Selling PORNO

Not unexpectedly at all, it seems that the Weinstein Company is having some problems placing advertising for the upcoming comedy Zack And Miri Make A Porno. Evidentally, for some people, even the word “porno” is a bad thing.

An article in today’s USA Today reports that the film company has received complaints about the film’s title and that several televisino stations and about 15 newspapers have refused to carry ads for the comedy about two platonic friends, Seth Rogen and Elizabeth Banks, who decide that making a porn film may be their only way out of their mounting debt. Previously, director Kevin Smith had butted heads with the MPAA over the advertising for the film. Finally, in frustration, he submitted the stick figure drawings that are currently being used in the film’s advertising campaign.

But it seems as if that was still too much for some folks who feel threatened by mere words. According to the story, the Los Angeles Dodgers requested that Fox Sports drop the spots from the airing of their games following viewer complaints. One parent is quoted as being flustered by his young son asking what the word “porno” meant. The city of Philadelphia also felt the title was too inappropriate for the ad space in their bus stops. (I wonder how Pittsburgh, where Smith shot the film, will respond to the advertising.)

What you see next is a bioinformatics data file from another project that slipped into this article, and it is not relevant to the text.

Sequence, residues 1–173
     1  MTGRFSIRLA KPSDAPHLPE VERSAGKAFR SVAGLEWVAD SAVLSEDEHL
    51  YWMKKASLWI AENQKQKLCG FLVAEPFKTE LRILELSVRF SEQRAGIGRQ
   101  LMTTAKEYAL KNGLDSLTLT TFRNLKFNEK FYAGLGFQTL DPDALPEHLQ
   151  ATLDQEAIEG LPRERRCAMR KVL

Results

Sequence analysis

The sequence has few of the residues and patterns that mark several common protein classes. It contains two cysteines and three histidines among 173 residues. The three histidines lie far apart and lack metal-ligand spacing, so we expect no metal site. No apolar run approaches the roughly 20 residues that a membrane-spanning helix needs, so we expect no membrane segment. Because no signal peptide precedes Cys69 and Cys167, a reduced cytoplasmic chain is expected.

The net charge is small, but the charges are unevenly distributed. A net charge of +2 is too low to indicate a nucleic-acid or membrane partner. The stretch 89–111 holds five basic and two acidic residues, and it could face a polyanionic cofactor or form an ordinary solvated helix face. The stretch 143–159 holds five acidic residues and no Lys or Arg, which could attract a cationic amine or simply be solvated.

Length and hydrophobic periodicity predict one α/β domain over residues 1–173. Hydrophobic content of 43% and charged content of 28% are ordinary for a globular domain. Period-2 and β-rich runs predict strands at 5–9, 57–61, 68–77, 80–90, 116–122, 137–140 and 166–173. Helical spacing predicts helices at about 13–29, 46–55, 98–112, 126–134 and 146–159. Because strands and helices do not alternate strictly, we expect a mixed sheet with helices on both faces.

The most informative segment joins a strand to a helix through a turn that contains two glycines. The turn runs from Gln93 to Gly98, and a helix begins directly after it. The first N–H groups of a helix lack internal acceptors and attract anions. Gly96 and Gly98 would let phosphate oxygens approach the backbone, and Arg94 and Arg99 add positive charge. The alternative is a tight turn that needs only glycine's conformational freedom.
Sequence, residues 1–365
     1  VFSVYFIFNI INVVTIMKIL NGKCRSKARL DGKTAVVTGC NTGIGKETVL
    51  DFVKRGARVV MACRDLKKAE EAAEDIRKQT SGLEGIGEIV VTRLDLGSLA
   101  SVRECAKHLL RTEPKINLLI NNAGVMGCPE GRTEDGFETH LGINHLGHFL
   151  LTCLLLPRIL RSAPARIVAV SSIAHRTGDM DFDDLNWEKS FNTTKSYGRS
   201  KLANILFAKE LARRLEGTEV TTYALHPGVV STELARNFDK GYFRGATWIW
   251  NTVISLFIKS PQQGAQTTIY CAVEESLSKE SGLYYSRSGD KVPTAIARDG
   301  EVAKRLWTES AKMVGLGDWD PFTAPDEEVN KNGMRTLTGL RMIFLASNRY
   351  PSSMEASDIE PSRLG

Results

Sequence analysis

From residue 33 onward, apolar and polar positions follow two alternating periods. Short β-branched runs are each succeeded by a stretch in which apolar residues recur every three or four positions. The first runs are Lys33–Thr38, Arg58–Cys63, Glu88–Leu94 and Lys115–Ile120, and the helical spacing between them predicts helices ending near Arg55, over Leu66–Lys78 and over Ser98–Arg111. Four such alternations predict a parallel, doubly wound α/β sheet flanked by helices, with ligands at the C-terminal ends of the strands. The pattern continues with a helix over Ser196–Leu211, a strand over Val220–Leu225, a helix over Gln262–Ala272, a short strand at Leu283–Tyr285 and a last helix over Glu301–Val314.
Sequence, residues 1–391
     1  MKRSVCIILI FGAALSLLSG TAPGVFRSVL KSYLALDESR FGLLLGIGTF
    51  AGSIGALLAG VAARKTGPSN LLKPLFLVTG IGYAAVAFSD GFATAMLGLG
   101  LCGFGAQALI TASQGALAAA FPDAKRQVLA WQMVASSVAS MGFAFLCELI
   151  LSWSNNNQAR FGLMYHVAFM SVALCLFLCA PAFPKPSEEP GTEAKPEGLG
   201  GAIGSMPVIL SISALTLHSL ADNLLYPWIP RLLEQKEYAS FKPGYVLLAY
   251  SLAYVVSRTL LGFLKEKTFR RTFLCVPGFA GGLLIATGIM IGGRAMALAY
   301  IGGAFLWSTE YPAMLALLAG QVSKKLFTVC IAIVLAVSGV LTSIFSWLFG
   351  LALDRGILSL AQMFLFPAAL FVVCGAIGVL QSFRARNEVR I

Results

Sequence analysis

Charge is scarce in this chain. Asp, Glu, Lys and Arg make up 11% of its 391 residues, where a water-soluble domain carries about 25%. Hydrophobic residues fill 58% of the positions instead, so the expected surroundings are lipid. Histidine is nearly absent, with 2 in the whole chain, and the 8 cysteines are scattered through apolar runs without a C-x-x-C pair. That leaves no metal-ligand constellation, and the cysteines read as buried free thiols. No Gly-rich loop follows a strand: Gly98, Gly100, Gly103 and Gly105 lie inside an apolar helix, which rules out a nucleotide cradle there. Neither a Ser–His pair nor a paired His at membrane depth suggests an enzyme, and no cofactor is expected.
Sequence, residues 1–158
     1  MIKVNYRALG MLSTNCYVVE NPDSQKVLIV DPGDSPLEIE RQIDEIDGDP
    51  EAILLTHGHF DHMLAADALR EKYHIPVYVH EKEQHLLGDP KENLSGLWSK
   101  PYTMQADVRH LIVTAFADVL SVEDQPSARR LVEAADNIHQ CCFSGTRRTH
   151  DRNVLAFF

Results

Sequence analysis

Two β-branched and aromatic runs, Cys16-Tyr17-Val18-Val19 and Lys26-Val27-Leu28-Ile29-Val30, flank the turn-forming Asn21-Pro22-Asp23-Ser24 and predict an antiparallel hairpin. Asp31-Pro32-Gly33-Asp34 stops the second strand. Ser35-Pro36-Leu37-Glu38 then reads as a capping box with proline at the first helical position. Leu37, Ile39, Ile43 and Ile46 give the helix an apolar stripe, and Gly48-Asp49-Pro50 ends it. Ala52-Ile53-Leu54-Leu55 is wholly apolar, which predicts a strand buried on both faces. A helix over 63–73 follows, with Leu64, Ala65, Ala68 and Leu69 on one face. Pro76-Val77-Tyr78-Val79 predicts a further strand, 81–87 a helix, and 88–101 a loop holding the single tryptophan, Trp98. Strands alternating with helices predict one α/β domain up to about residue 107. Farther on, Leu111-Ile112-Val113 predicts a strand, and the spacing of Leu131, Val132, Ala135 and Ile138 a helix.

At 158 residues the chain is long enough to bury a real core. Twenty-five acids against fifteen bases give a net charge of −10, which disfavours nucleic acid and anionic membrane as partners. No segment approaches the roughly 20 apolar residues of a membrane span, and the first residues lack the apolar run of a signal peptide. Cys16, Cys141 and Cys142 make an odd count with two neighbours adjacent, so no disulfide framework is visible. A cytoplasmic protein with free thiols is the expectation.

While I am not saying that we should thrust the concept of pornography into the faces of children, the fact that it exists shouldn’t be cause to send parents into a frenzy either. Usually, in dealing with things my 11-year old step-daughter might bring up that are over her head, my wife and I merely say that it is a “grown up thing” and we can discuss it when she is older. Seems like a fairly simple solution, and one that doesn’t make adults subject to the tyrrany of the sensibilities of children.

The thing I truely take exception to is the assertation from a professor at Wheelock College who stated that “posters at city bus stops send a message to children that working in the porn industry is an acceptable occupation.” Who is this person to decide what is an “acceptable” occupation? The pornography industry is grossing somewhere in the vacinity of $12 to $14 billion annually, exceeding the revenues of most major league sports or the intake of the major television networks combined. It seems that many Americans find porn consumtion completely acceptable. Yet oddly enough, as a society, we still want to stigmatize this exceedingly popular sector of the entertainment industry.

Watch for our review of Zack And Miri Make A Porno next week, when it opens on October 31.

About Rich Drees 6139 Articles
A film fan since he first saw that Rebel Blockade Runner fleeing the massive Imperial Star Destroyer at the tender age of 8 and a veteran freelance journalist with twenty years experience writing about film and pop culture.

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Chuck F

The Saw posters can have severed limbs on them spelling out words(which is cool, btw), but this poster, with stick figures, is unacceptable because of the word “porno”?

Are we now forbidden to say this word too?